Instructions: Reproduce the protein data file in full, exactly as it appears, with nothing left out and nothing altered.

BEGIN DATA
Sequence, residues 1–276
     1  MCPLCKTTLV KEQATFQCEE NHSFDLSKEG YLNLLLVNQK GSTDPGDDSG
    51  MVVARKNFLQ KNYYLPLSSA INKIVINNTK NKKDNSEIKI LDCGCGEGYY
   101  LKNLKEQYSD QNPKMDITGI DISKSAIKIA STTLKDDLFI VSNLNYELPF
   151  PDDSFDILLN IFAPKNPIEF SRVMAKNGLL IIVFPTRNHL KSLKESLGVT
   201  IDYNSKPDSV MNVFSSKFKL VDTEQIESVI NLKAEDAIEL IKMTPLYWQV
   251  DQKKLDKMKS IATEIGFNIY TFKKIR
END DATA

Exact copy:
Sequence, residues 1–276
     1  MCPLCKTTLV KEQATFQCEE NHSFDLSKEG YLNLLLVNQK GSTDPGDDSG
    51  MVVARKNFLQ KNYYLPLSSA INKIVINNTK NKKDNSEIKI LDCGCGEGYY
   101  LKNLKEQYSD QNPKMDITGI DISKSAIKIA STTLKDDLFI VSNLNYELPF
   151  PDDSFDILLN IFAPKNPIEF SRVMAKNGLL IIVFPTRNHL KSLKESLGVT
   201  IDYNSKPDSV MNVFSSKFKL VDTEQIESVI NLKAEDAIEL IKMTPLYWQV
   251  DQKKLDKMKS IATEIGFNIY TFKKIR